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- 09 -272012

Conference cycle: October 1, 2012 – October 10, 2012.

Starting on Monday, October 1, 2012, the conference cycle entitled Troops and French society: from 1815 to the Great War will serve as a prelude to the exhibition Avec armes et bagages … Dans un mouchoir de poche scheduled to open to the public on Friday, October 26, 2012.

Organized in partnership with the Université Permanente de Paris (UPP), this conference cycle seeks to contribute to a better understanding of the strong relationship between the army and the nation during that period.

  • Monday, October 1, 2012 : Avec armes et bagages… dans un mouchoir de poche. A behind-the-scenes look at the Exhibition. Lecture given by Elise Dubreuil, curator and organizer of the exhibition.
  • Wednesday, October 3, 2012 : Avec armes et bagages…The French and war during the nineteenth century. Lecture given by professor of History at the Paris Institute of Political Studies Jean-François Chanet who will speak on the staggered rhythms of technical and material changes of the war and reflect on how minds were affected in the process.
  • Monday, October 8, 2012 : The key role played by military music in the daily life of the nineteenth century soldier, in the barracks or at war. Lecture given by communication officer and military music history specialist Benjamin Negroto who will speak on the essential role of military music in the daily life of the French soldier during the nineteenth and early twentieth centuries.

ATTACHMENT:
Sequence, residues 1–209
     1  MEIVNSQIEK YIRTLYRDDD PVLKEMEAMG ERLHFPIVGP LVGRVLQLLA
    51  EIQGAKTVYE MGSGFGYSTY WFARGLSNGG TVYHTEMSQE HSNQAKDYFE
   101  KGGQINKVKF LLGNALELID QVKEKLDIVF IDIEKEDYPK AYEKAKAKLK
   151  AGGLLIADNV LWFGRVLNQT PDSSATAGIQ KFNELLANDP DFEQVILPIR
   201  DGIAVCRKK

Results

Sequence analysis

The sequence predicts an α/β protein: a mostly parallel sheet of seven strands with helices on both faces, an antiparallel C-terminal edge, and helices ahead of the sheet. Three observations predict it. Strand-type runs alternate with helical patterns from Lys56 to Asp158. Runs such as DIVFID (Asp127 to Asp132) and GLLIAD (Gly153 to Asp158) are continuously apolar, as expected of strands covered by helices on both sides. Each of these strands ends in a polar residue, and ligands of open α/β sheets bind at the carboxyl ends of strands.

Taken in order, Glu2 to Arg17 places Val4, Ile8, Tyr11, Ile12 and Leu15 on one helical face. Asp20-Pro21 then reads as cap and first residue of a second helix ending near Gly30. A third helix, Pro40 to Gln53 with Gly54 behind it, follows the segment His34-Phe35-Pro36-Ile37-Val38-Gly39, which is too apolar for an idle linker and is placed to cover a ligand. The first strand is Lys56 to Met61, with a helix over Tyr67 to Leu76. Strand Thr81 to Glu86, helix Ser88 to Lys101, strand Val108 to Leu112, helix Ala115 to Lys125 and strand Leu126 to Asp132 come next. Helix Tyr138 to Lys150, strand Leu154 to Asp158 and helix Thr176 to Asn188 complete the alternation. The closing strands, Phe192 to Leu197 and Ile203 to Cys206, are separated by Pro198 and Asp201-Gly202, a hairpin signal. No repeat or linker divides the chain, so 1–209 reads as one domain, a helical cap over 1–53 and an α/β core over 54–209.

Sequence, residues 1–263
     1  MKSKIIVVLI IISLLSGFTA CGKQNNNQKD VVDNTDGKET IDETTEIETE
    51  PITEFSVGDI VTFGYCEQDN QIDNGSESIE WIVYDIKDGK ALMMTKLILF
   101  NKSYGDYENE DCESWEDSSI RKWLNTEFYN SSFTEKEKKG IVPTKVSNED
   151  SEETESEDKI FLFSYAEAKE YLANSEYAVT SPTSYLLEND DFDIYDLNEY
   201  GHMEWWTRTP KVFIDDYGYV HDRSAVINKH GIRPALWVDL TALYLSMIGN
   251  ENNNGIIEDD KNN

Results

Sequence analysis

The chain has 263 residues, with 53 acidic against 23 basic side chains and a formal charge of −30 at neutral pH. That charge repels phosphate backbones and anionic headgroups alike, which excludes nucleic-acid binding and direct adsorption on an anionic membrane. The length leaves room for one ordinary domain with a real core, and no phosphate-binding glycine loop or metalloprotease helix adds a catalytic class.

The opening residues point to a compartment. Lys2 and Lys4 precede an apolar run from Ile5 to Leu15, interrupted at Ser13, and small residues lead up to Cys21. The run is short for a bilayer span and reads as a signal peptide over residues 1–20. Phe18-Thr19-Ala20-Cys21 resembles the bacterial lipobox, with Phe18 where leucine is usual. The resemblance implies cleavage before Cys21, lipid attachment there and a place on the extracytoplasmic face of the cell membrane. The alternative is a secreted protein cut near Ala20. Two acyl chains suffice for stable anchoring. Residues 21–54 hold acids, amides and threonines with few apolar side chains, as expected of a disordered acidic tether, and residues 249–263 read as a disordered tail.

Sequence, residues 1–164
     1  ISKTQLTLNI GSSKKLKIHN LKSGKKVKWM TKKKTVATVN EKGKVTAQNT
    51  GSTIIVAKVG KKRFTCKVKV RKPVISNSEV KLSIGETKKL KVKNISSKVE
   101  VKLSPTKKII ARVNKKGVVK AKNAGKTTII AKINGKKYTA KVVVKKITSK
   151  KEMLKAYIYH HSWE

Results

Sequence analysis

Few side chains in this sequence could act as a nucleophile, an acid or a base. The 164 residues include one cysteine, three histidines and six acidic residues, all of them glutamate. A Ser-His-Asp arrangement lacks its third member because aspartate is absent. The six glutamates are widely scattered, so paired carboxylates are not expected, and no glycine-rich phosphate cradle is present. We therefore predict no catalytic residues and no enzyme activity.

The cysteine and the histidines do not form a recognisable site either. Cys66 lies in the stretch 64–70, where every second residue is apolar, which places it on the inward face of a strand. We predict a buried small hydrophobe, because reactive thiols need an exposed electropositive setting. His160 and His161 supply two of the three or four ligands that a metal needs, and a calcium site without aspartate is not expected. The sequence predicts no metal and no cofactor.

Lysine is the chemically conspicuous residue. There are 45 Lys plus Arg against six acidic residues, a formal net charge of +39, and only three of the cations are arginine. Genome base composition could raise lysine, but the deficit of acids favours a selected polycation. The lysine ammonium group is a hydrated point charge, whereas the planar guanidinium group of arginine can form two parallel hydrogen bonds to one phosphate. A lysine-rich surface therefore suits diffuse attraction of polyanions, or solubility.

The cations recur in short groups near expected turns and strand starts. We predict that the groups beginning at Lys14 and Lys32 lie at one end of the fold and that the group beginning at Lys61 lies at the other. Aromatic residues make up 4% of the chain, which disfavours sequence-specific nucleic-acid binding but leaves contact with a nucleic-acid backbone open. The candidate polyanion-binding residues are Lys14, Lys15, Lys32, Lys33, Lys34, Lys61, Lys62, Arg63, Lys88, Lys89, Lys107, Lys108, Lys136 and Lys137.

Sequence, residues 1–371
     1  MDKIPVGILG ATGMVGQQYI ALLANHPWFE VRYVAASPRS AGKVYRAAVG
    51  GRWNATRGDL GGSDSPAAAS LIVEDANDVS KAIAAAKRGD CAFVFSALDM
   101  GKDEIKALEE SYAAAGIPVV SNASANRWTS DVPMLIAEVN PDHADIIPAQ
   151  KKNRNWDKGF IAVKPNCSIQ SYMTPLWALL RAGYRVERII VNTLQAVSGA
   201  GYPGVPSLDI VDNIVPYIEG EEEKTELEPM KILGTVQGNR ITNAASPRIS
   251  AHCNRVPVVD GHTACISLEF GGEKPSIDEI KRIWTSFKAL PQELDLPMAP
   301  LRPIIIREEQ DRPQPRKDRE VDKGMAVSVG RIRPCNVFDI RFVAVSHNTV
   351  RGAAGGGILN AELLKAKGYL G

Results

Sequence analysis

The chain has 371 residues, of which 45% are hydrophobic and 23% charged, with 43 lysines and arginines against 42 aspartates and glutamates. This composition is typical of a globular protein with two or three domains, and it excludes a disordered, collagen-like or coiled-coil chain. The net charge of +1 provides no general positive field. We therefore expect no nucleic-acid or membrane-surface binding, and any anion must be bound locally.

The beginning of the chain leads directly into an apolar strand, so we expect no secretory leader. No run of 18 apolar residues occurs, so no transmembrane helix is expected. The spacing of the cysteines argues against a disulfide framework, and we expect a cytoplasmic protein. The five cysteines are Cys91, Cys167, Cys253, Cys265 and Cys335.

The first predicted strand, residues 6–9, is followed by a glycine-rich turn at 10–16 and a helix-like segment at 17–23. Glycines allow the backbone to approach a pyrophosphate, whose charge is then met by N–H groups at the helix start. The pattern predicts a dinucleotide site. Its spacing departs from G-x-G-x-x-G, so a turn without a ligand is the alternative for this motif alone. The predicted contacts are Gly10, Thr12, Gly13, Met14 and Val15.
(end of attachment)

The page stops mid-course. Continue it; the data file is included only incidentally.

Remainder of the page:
• Wednesday, October 10, 2012 : Camember, Bidasse, Gourdiflot and others: a parody of the French soldier in nineteenth century popular culture. Lecture given by Helène Klementz, documentalist and organizer of the exhibition and Marie-Noëlle Grison, assistant-organizer of the exhibition.

The conferences are held from 1:45 pm to 3:00 pm in the Auditorium Austerlitz. Admission is free of charge. For further information and reservation, please call 01 44 42 51 73 or contact us by email at : histoire-ma@invalides.org

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  1. 6 November 2012 à 12h01

    Salman | facebook.com/profile.php?id=100003406929702

    My grandfather's famliy lived in the buildings facing Sidney Street, where the army had set up their headquarters. There's a famliy story that my great-aunt, who would have been about 16 at the time, browbeat a succession of increasingly-senior soldiers —a0ending up with the most senior having to go to Churchill himself — until a solider was assigned to escort her to the bakery so she could buy bread for her younger brothers and sisters, with the bullets flying overhead.